From: Steve Jeffords
To: Jonah Aranoff
Re: Your Bar Mitzvah
My wife is your distant cousin Sally Hollo, and we recently were in attendance at your bar mitzvah at the Long Beach Long Island Yacht Club, and I just wanted to say mazel tov. You are a man now, and it was very inspiring to see you receive the Torah scroll, passed from so many parents, grandparents and step grandparents and whatnot and I was impressed to see how well you read from it and how you came up with the creative bar mitzvah theme, "The History of Asian Cinema." I'm writing, however, because, you probably don't know who I am. That would be understandable, since my wife and I, after driving two hours across New Jersey and Pennsylvania, did not even get to meet you on your special day because you were very very very very busy. Now, I do not want to take away from the pride of your special day, or impugn your good character, but let me get straight to the point: I wrote a check to you for $100 that you have deposited, and you would probably realize, as any reasonable boy now turned into a man would, that this was an exorbitant amount to pay for a person I did not even make eye contact with. Oh yes, I got to watch you dancing with your grandparents and all your young friends and giving your mom and step moms kisses and extolling the bushido code of the samurai. But let me tell you what I was doing at your bar mitzvah. I spent it chatting to a 90-year-old woman who had to ask me my name three times and claimed to have slept with Montgomery Clift. Since you're a man now, Jonah, I think I can be presumptuous enough to tell you that Montgomery Clift was a homosexual, and if there's one thing I hate more than boasting, it's stupid boasting. If that were not enough, I also spent your bar mitzvah getting to know a man who wanted to sell me a variable annuity. Do you know what that is, Jonah? It's like taking all that bar mitzvah money and bashing it to pieces with your samurai sword, that's what it is.
As you know from school, the age of 13 is when you learn to start observing the commandments. I'm pretty sure there's one in there about not accepting a really big present from a total stranger. If not, then maybe you ought to consider it just common politeness.
Simply put, I'm asking you, man to man, for my $100 back. I know this might seem a bit extreme, but I figured now that you've ripened to an age of manhood, this much would make some sense to you. As your rabbi said at your bar mitzvah, after today you will always be learning how to become a better man and a better Jew. Whoever this better man and better Jew might be, I believe both of them might throw an old soldier a sop and give him the money back that maybe he could spend on his own children, or at least on somebody he shook hands with, or at least to a homeless person who asked for it. I was invited to your celebration third-hand by people who I now believe made a mistake in the invitations, now that I think about it. You should not take this personally or let it detract from the blessings of your glorious day. But becoming a man doesn't mean just reading the haftarah, Jonah. It means using your fucking brain and seeing when somebody has made a grievous mistake in giving you a hundred fucking dollars that you will likely spend on a Nintendo Wii or some other frivolous item.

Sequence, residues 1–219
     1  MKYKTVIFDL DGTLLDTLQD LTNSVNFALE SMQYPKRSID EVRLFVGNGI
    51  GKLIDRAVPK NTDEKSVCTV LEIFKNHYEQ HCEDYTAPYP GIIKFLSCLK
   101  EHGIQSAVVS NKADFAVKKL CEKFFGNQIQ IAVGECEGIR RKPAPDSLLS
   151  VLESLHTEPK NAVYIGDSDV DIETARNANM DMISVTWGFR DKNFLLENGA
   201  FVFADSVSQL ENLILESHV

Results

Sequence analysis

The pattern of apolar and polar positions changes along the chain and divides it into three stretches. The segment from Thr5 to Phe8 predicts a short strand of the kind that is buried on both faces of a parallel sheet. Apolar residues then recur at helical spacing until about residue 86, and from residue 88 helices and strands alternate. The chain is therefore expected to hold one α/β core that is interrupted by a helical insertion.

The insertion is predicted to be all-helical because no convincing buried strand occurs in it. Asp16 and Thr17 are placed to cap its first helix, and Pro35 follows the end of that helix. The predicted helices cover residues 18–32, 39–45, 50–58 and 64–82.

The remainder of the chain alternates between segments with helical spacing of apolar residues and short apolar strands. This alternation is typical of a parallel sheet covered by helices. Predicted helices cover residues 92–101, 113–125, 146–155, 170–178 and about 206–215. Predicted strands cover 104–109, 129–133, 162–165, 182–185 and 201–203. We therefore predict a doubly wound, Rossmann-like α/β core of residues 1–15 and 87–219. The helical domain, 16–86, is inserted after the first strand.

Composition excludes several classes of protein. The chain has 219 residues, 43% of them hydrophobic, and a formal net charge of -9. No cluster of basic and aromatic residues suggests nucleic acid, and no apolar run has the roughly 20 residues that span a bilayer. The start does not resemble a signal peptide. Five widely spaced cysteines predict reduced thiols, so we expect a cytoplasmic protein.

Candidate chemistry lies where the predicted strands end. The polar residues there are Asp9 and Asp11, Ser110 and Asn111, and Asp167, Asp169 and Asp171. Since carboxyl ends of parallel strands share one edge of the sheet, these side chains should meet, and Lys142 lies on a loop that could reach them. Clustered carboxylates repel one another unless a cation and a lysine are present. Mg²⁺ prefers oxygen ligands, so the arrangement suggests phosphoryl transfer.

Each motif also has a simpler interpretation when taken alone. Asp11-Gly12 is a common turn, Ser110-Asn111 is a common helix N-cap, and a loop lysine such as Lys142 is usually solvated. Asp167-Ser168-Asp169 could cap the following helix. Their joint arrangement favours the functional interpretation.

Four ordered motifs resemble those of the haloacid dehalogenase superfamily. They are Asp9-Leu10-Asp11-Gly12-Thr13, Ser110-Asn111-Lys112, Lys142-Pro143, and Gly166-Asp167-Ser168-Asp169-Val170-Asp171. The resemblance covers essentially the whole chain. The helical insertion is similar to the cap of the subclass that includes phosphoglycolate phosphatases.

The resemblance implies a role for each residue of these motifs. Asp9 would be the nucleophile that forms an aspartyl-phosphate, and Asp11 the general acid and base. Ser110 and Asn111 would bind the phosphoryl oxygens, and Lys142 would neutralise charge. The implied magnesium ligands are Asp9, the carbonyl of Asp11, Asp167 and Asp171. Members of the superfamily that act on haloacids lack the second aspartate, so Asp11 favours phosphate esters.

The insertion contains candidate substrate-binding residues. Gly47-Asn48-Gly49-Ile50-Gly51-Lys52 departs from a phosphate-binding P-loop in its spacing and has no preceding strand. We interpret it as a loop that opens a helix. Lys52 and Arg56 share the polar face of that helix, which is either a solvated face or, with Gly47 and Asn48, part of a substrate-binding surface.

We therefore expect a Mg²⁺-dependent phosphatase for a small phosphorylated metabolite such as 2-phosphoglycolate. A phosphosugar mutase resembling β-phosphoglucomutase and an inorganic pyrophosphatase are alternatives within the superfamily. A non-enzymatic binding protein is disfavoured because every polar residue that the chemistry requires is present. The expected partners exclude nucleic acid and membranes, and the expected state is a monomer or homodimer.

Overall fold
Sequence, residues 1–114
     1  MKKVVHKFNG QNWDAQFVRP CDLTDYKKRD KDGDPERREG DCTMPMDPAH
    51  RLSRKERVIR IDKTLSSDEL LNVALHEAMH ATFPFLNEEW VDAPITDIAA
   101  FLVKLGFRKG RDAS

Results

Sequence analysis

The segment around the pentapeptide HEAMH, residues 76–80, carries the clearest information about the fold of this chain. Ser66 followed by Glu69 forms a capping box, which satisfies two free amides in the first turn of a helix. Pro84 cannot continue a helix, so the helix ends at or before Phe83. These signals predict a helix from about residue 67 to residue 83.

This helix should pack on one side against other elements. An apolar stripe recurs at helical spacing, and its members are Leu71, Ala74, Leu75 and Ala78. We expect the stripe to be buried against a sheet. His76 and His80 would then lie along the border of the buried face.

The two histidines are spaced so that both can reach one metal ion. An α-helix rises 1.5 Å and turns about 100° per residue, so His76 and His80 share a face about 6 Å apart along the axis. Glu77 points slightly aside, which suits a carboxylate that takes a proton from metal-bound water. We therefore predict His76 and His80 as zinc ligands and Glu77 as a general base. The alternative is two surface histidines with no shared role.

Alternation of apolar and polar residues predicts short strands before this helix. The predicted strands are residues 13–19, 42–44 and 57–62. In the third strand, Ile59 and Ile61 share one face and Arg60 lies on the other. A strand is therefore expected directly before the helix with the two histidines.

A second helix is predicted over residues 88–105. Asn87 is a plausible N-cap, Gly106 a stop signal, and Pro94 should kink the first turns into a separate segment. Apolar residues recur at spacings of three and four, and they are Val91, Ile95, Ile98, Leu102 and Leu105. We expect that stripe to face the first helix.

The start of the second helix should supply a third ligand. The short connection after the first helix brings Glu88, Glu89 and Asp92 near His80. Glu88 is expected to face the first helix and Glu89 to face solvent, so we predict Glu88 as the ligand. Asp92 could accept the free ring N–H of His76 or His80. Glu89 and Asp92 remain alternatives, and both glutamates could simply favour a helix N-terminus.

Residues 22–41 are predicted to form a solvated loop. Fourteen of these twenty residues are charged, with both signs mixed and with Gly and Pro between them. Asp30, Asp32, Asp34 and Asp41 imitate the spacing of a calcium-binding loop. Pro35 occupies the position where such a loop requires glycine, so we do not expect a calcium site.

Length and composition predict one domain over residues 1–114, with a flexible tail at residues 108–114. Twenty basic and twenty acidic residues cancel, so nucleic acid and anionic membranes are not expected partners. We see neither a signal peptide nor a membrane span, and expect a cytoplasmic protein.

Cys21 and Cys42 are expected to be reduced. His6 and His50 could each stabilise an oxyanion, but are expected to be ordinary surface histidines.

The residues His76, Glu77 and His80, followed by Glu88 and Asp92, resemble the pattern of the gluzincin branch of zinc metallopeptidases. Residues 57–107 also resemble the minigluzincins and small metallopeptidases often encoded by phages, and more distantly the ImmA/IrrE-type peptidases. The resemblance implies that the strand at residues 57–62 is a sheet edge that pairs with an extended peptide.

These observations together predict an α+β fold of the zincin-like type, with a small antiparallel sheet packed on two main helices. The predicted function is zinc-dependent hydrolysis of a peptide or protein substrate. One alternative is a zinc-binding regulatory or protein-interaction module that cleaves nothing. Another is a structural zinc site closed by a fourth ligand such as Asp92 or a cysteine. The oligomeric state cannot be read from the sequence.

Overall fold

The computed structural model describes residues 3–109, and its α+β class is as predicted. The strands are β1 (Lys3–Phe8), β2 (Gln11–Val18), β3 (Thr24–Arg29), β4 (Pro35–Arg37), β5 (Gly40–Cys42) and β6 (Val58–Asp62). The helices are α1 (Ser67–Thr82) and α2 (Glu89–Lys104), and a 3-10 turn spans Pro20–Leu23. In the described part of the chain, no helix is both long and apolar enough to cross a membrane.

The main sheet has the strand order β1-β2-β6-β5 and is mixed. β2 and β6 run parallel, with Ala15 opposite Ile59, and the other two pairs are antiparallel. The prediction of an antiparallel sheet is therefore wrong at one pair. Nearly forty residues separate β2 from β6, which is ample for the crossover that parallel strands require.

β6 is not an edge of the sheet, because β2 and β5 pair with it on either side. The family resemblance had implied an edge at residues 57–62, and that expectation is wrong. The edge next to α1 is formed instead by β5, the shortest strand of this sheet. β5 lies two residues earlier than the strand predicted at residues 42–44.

If you feel confused, I understand. But I also understand that you are a boy of good character, and while the world of adults may sometimes seem strange and bewildering to you, here's a good adult lesson that will teach you all about being a better man and a better Jew: Don't fuck people over, Jonah. Especially don't rip off a guy who was trying to do you a good turn, who was hoping to extend the bonds of family and who instead showed up feeling less popular than your first stepmother and a little more popular than the drunk taxi driver who crashed the party.
I can tell you're a smart boy ... I mean, smart young man ...
and by that I mean you know how to write a check and you know how to
spell "one hundred" in square cursive. If you don't have an account on
your own, then certainly you can find the checkbook of your parents and
write out a draft made to my name for redress of my bar mitzvah money.
If you like, because it was a special day for you, you can keep $5 or
so. Take it as a token of my warm feelings as someone who, though not
acquainted with you, has married somewhere into the vicinity of your
gene pool, and feel free to spend it on something more commensurate
with my actual feelings: a Frosty at Wendy's or a bottle of motor oil.
And then you can consider the rest accounted for by the $95 in gas
money I spent driving on I-95 and the Long Island Expressway. (I don't
think I have to remind you how many people die on that expressway each
year. Usually it's because a tie rod flies through the windshield, and
if you're lucky, gives you a quick, painless trans-orbital brain
puncture. That's if you're lucky. Luck is something you're going to be
much more appreciative of in your journey into this horrible thing
I've been doing a little reading, Jonah, about something called Pirkei Avot, which is the ethical maxims of the Mishnaic rabbis. It says that when you're 13 it's the right time to fulfill the commandments of the Torah, 18 is the proper time for marriage and 20 is the right time to earn a living. But I've got a maxim of my own: the time to do the right thing is now, Jonah. Please remit the $100 in question to me at the enclosed address.
And once again, Mazel Tov,
Steven Jeffords, esq.
from Eric Rasmussen's blog: